My second book was more of the same. I’d just finished my bachelors degree in Political Science, and I’d focused almost entirely on the theoretical rather than the procedural (I could expound for hours on the Democratic Peace theory, but to this day I don’t have the slightest idea how the city council works). Wake Me When It’s Over sprung almost entirely from three concepts: (1) the American dollar is only worth what we believe it is, (2) the Berlin Wall fell because of a very poor press release, and (3) scrapbook stores are, for all intents and purposes, evil.

Lately, since my next book is proving to be driven much more by character than plot, my idea-collecting has come from observing people. Three interesting events have stuck in my head.

First: I was sitting in a restaurant, by myself. A young woman ran in from the street, urgently needing a napkin. She wasn’t a customer, but she was very demanding, and refused to explain the problem. What was she doing? Why did she need it? I was seated facing away from the windows, so I never learned the answer.

Second: I was sitting at the pharmacy, waiting for a prescription to be filled. A middle-aged woman came in and browsed the store shelves. She was in no hurry, and very carefully studied every item she picked up -- she’d read the package for a few minutes, and then set it back on the shelf. She was wearing a finely tailored coat that had a 1950s look to it, though it was obviously modern. Likewise, her shoes were high-heeled, but very June Cleaver. At long last, she bought a Do-It-Yourself Home Drug Test, and left.

Third: My wife and I were in a small town in central Utah. We were passing through, and stopped for lunch at a small café. After eating, we crossed the street to a used bookshop, hoping to find a book on CD. The woman behind the counter had a nose ring. The only other customer was a tall, Marlboro-man type cowboy. He had a plaid shirt and cowboy hat, and his graying mustache was thick and overgrown. As my wife and I browsed the audio books, he moved silently from shelf to shelf. At the front counter, we bought Nicholas Nickleby. He bought The 9/11 Commission Report.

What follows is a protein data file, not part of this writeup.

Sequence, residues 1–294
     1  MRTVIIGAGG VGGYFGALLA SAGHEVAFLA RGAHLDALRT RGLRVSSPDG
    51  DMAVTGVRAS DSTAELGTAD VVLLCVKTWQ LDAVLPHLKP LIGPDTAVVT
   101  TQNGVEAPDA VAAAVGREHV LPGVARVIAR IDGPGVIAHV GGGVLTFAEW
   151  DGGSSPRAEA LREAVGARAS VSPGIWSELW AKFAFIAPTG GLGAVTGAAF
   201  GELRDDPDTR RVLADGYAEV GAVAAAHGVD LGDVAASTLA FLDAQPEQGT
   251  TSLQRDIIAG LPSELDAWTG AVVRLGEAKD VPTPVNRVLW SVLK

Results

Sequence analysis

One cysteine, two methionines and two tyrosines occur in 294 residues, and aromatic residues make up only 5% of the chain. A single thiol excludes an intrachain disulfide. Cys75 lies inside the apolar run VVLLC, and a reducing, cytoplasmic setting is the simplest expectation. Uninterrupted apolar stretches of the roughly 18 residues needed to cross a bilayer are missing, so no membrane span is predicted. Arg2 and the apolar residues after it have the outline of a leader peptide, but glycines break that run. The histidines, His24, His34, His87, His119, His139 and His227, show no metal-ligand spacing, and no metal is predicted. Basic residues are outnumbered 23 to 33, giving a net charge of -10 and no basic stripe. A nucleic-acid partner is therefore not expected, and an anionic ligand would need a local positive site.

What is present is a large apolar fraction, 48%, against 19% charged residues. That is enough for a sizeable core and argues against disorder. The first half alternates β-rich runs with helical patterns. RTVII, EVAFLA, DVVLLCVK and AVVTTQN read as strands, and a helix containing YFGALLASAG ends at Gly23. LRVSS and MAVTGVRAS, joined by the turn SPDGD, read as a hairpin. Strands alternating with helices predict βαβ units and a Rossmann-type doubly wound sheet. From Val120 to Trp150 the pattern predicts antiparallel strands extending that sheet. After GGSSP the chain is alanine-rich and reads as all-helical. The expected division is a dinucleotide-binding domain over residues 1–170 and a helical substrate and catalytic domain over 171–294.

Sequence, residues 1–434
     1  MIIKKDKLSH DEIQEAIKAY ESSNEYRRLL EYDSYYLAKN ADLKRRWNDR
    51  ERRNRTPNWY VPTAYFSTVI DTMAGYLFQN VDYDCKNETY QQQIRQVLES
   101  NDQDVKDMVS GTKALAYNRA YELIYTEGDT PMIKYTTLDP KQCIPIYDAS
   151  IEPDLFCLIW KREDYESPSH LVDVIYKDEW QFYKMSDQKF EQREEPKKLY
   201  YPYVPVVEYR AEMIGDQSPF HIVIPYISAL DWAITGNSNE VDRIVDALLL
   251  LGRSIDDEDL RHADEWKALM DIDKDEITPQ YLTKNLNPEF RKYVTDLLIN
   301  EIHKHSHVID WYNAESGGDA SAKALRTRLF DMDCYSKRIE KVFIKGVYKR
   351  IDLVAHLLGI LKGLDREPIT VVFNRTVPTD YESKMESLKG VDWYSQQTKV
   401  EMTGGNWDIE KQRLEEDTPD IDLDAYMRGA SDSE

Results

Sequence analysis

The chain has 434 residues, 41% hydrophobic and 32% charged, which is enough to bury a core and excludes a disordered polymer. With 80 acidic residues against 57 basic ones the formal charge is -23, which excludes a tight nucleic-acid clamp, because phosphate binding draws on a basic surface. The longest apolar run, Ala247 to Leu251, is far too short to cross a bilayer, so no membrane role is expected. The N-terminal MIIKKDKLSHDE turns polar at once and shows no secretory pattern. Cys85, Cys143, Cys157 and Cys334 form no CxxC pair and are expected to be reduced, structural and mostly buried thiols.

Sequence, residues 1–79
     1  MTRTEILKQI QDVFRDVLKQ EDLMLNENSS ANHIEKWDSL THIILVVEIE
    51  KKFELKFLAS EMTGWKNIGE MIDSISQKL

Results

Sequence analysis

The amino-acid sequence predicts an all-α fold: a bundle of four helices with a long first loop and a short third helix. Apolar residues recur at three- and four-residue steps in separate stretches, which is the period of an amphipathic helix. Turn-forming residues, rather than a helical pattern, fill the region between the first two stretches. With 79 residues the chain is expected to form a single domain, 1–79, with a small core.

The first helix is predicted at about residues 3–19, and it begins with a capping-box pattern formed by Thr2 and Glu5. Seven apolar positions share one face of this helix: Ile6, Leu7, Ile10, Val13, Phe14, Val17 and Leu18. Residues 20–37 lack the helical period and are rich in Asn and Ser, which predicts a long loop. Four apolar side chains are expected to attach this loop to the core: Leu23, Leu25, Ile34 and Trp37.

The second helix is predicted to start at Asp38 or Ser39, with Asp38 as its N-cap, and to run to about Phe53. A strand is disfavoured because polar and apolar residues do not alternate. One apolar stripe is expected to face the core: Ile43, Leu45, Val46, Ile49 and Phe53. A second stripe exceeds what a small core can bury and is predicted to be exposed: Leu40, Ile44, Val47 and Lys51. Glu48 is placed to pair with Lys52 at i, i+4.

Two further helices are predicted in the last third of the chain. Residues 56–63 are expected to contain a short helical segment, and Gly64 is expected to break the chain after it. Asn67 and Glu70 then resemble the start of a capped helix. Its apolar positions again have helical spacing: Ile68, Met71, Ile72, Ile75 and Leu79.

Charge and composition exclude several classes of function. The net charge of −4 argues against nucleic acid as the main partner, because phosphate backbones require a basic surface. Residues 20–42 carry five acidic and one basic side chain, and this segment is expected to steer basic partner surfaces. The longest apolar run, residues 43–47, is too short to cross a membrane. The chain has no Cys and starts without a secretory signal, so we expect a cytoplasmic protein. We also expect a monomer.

Three brief instances, none of which is all that remarkable, but they all have stuck with me for one reason: there’s obviously more to the story. That stupid napkin thing was at least two years ago, and yet it’s still jammed in my mental files, waiting to one day be found and used.

Will I ever cram these three ideas into one book? I doubt it. But it’s interesting to imagine what kind of story I’d have if I did. The important thing is to always be on the watch for ideas, because you never know when you’ll stumble across something great.

Maybe the home drug test was for the banana-boat captain?


At 4/11/2006 2:50 PM, Blogger Sweebler said...

I thought you were going to give out three topics and ask people to write stories on that. My husband and I used to do that while we were driving on long car trips.

At 4/11/2006 4:52 PM, Blogger RobisonWells said...

I thought about doing that, but then I didn't. Ah, the twists and turns of life.